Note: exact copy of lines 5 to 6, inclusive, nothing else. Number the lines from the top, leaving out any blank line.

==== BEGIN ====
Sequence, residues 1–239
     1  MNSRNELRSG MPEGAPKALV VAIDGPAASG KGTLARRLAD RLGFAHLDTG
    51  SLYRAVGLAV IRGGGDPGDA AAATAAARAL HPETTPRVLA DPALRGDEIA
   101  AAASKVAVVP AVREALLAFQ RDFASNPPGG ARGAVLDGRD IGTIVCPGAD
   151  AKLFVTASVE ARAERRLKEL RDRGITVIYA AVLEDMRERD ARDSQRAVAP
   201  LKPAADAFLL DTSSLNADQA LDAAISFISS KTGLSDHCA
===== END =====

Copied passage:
   151  AKLFVTASVE ARAERRLKEL RDRGITVIYA AVLEDMRERD ARDSQRAVAP
   201  LKPAADAFLL DTSSLNADQA LDAAISFISS KTGLSDHCA